|Four letter word|
I’m a fan of Campagnolo and it bothered me to see Liquigas switching to SRAM, when Italy’s top team leaves behind it’s national partner I can’t help feel a tiny pain in my heart. But before you leap to the comments, note I’m not obsessive, I’ve had Shimano before and it’s proved excellent. I’ve yet to meaningfully try SRAM, having only ridden it around a car park to test the shifting. The point isn’t the difference between the groupsets, it’s that they are all excellent these days.
Sentimentality aside, note Italy does not rhyme with Campagnolo. Visit Tuscany or Lombardy on a Sunday morning and my unscientific survey suggests the typical local cyclist is likely to be riding Shimano. Anyway here are the World Tour teams and their bikes for 2011 sorted by groupset supplier:
|Omega Pharma – Lotto||Canyon||Campagnolo|
|Quick Step||Eddy Merckx||Campagnolo|
|BMC Racing Team||BMC||Shimano|
|AG2R La Mondiale||Kuota||SRAM|
The most obvious point is that the duopoly of Shimano and Campagnolo has been smashed, at least when it comes to marketing efforts. Campagnolo has four teams, Shimano has six squads, with SRAM leading with eight. It’s worth noting that sponsorship decisions can be local, for example the French distributor for Kuota shares the cost of backing AG2R with the manufacturer itself. Also some of the teams are fully sponsored by a manufacturer but others have looser ties, choosing separate wheel suppliers and fitting SRM power meters and even other products, like FSA or Rotor chainsets.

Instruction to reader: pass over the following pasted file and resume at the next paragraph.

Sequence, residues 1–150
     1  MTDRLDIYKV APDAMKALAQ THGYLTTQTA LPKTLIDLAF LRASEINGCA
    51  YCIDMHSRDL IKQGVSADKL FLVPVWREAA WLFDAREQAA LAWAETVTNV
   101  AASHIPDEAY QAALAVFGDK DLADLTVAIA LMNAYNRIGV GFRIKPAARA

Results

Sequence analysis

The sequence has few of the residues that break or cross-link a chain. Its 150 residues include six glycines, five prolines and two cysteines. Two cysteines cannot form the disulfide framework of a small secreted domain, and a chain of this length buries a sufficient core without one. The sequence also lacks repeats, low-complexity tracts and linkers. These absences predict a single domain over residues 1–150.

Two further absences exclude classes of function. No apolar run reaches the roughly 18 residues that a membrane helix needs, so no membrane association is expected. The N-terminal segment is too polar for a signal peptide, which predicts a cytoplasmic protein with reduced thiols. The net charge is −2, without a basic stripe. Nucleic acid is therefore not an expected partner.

The real battle between these companies isn’t to equip the pro teams though, it is to be the OEM supplier for as many bike manufacturers as possible. In plain English this means equipping as many mass-market bikes as possible that get sold as a whole package rather than bespoke buyer who picks a frame and the parts to go with it, a niche end of the market.
I’m interested in the future of Campagnolo. Losing Italy’s biggest team is a blow and I wonder where the company will be in 10 years time. It’s a bit excessive to look at it with a geo-political or macroeconomic telescope but it’ll be interesting business case study to see how the mid-size European manufacturer competes with its Asian rivals. I suspect it will focus ever more on the top end of the market – Super Record is already the most expensive groupset going – but investing in R&D and ever more refined manufacturing plant, eg composites, requires a lot of capital.